The rise of SpaceX as a major launch provider has been the most surprising evolution of the launch sector during the past decade. It forced incumbent industrial actors to adapt their business model to face this new competitor. European actors are particularly threatened today, since European Autonomous Access to Space highly depends on the competitive edge of the Ariane launcher family. This study argues that the framework of analysis which best describes the events leading to the current situation is the theory of disruptive innovation.
The study uses this framework to analyse the reusability technology promoted by new actors of the launch industry. The study argues that, while concurring with most analysis that the price advantage of reused launchers remains questionable, the most important advantage of this technology is the convenience it could confer to launch systems customers.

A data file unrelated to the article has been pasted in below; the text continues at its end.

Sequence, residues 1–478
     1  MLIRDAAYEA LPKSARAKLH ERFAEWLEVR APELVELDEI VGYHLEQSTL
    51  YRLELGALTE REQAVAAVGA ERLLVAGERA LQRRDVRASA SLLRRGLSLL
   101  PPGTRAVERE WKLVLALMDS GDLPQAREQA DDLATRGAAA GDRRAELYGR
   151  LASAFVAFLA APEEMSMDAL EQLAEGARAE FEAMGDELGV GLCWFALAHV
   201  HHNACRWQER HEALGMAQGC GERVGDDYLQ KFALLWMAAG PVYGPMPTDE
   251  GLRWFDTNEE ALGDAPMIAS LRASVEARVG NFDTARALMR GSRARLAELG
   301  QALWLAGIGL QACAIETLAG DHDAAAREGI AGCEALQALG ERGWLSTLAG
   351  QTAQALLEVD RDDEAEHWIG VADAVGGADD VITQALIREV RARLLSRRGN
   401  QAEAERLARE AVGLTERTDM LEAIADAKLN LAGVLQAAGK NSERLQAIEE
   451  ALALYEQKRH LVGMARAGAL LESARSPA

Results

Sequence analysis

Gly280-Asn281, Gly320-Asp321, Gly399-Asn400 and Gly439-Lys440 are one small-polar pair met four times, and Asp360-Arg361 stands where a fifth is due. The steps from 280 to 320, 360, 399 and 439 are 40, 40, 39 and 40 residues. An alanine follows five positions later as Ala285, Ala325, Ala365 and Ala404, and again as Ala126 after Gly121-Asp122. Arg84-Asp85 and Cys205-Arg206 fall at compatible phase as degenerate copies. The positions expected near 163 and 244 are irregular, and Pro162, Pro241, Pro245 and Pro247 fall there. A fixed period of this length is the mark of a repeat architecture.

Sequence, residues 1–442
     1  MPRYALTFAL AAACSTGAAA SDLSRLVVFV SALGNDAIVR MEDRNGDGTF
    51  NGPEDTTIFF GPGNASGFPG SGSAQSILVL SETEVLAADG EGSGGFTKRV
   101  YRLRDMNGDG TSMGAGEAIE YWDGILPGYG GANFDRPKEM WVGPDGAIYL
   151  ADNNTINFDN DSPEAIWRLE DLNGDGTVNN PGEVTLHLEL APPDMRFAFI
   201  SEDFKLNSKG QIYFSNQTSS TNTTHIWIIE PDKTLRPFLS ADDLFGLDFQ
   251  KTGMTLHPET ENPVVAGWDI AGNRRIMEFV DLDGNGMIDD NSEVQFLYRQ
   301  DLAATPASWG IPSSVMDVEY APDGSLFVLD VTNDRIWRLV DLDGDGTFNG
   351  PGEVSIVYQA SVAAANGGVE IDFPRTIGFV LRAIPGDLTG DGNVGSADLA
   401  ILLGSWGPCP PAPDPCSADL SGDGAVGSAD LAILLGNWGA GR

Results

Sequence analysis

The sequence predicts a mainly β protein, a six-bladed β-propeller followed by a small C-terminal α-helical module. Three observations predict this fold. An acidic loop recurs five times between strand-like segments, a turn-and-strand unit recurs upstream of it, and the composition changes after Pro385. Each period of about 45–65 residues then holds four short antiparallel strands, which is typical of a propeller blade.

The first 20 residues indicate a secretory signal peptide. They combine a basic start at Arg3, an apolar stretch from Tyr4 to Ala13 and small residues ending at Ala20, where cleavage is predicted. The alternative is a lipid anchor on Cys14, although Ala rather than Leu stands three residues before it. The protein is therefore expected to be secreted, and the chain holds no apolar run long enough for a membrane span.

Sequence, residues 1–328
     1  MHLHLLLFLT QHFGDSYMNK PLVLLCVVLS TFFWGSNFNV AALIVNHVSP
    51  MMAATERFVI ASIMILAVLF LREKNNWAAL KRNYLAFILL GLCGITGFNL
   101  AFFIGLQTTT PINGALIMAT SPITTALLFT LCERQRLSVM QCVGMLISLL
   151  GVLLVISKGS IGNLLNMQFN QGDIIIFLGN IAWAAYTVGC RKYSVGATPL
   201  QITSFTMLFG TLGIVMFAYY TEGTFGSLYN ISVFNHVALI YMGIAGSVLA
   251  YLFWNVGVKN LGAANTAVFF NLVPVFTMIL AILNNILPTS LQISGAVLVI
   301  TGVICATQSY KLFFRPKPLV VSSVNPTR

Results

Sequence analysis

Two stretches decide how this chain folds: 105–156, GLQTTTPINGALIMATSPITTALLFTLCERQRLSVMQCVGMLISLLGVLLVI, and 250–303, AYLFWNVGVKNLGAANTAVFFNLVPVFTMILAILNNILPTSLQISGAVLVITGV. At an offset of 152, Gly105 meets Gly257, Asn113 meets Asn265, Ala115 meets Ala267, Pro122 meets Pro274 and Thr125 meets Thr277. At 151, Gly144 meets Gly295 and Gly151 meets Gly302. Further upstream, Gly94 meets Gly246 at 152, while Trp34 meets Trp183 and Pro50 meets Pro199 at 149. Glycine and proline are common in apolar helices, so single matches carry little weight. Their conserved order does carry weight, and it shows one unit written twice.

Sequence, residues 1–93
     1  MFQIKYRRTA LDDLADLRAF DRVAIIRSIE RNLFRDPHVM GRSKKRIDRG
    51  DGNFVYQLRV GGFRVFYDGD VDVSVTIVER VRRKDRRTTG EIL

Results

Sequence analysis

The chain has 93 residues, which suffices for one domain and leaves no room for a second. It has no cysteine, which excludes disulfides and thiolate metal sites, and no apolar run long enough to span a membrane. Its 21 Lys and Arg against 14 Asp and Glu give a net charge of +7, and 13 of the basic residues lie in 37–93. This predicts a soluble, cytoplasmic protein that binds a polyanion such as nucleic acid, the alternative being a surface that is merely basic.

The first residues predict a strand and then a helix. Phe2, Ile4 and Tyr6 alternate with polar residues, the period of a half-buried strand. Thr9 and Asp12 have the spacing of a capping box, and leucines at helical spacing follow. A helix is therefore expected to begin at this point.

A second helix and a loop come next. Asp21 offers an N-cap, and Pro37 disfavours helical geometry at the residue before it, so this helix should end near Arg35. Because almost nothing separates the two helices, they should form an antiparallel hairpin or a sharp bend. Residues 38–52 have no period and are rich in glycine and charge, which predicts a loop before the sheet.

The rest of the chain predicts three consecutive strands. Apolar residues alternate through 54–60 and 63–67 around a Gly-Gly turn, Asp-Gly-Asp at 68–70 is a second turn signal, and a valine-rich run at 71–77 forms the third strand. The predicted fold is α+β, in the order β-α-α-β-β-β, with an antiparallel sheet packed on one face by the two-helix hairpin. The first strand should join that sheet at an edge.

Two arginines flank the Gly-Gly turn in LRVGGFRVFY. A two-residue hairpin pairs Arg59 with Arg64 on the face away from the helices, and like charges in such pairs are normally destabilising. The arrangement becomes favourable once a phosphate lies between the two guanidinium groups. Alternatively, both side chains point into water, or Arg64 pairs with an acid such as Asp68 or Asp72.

The study offers two recommendations to European actors willing to maintain European Autonomous Access to Space. The first one aims at allocating resources toward a commercial exploitation of the Vega small launch system, to disrupt the growing market of small satellites and strengthen ties with Italian partners in the launcher program.
The second aims at increasing the perception of European launchers as strategic assets, to avoid their commoditization. The recommendation entails developing an autonomous European capacity to launch astronauts into space, which could strengthen the ties between France and Germany as well as lead to a rationalization of the geo-return principle. This capability would use Ariane launchers and provide European actors with a powerful diplomatic tool.